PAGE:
Boyd Rankin’will become the first cricketer since Nawab of Pataudi in 1946 to play both for and against England in Test cricket when he lines up for Ireland at Lord’s on Wednesday.
delivery for England in Test cricket was a wicket. It was a happy ending to a difficult match at the SCG on England’s ill-fated tour to Australia in the winter of 2013/14 which ended in acrimony. There were many casualties in the fall-out from that series and one of them was Rankin who never played another Test for England.
However, he now admits that he shouldn’t have played in Sydney at all. “I hurt my shoulder a few days before the Test and I wasn’t fully fit going into the game,” Rankin said. “I felt I had to give it a go. It was one of those that I didn’t know how bad it was until I got back home. In hindsight I shouldn’t have played but when you get an opportunity to play Test cricket it is one you want to take.”
Rankin, who made his international debut for Ireland in 2007, decided to pursue a career with England to reach his ambition of playing Test cricket at a time when his country of birth did not have Test status. He followed in the footsteps of others such as Eoin Morgan and Ed Joyce who made a similar move in search of the better opportunities that England could offer at that stage.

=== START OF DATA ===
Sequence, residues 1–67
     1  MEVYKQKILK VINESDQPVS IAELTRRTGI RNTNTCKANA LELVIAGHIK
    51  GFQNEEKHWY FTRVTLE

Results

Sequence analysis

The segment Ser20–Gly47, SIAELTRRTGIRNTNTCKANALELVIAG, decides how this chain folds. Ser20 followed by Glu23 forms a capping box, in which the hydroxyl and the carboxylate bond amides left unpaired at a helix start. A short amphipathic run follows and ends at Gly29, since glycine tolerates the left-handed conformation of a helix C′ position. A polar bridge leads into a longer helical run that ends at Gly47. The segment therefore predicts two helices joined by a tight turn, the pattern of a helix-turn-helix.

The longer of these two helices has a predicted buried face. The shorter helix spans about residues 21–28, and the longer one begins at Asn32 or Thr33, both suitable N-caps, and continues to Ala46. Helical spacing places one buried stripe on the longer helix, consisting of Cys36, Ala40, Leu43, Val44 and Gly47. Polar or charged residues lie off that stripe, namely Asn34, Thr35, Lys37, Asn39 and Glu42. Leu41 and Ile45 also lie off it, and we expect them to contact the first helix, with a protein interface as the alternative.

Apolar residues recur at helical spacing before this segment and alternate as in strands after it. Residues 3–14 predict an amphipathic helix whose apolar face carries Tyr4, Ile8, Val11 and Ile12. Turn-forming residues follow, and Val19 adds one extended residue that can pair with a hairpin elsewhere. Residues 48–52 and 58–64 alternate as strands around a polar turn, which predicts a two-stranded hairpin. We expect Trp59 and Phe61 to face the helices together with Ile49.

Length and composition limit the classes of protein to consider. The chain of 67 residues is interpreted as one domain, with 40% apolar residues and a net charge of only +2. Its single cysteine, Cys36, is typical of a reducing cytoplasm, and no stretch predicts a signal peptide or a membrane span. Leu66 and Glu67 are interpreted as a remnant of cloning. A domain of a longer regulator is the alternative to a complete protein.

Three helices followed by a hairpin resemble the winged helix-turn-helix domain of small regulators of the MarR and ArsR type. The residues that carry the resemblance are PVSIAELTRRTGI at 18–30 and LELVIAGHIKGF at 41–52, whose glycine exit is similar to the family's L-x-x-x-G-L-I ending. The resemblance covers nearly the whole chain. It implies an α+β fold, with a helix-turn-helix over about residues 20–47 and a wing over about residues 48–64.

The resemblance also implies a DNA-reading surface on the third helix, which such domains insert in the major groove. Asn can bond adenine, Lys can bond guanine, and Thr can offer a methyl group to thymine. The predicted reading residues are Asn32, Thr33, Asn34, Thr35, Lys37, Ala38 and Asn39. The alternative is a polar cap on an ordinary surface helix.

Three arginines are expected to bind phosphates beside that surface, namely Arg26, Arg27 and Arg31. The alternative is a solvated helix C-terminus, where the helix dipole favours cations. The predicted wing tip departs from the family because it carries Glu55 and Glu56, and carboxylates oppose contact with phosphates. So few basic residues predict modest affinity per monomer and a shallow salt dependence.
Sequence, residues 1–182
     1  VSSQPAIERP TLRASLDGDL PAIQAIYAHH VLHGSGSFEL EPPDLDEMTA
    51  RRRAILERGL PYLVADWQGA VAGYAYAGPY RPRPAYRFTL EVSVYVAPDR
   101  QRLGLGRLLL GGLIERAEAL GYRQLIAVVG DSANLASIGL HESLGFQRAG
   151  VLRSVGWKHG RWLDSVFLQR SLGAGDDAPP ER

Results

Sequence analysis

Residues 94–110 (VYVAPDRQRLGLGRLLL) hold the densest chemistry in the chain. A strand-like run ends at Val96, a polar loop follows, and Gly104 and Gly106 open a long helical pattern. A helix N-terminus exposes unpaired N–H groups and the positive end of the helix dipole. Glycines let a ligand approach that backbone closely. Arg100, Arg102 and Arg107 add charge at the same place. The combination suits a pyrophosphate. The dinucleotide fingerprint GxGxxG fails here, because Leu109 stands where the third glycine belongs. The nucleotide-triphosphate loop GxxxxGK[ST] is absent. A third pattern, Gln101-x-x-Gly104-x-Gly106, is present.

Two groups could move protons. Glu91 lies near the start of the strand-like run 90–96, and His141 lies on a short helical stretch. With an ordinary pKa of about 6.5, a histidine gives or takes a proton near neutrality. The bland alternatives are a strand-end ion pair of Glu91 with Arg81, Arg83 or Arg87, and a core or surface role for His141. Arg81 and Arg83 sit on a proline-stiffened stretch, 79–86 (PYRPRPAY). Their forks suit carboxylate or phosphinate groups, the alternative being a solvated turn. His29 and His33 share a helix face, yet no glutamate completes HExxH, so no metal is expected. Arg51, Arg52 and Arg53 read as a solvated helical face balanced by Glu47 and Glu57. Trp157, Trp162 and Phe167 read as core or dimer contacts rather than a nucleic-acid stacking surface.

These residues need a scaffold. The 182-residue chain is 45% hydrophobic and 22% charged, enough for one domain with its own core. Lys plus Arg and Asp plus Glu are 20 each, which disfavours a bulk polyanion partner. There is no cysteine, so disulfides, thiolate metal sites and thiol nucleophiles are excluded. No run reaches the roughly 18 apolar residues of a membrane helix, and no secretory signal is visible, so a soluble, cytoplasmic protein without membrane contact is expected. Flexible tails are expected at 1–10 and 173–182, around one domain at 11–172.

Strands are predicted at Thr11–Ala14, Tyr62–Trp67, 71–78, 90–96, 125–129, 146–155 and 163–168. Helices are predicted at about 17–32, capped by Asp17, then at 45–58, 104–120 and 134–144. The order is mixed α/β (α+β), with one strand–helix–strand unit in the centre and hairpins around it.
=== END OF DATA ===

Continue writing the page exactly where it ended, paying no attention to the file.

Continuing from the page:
However, Rankin struggled through his one and only Test for England bowling 21 overs in all – his wicket was that of Peter Siddle – and he only played a couple more ODIs for his adopted team afterwards before throwing his lot back in with Ireland after the 2015 World Cup when it became clear that England had moved on.
Despite the difficulties of his first foray into the Test game, he does not regret his time with England nor the tour to Australia. “At that stage of my career there were no real opportunities to play Test cricket for Ireland,” said the 35 year-old. “That has changed now but at that time I wanted to play at the highest level and that was the only way I could do it.
“It was a tough tour to start with. I made my debut and it was a blur, to be honest. I have still got my shirts and caps. They will be cherished as that is a big part of where I have been. It didn’t go to plan for me but that is the way it goes sometimes. That is a long time ago and now I am back playing for Ireland full-time and that is what I am concentrating on.”
Rankin was part of the team which played in Ireland’s inaugural Test against Pakistan last summer and he will become the first cricketer since Nawab of Pataudi in 1946 to play both for and against England in Test cricket when he lines up for Ireland at Lord’s on Wednesday. “It’s going to be pretty strange for me because I know their guys so well,” he said. “It is a dream come true and it is something I never thought would happen in my playing career.”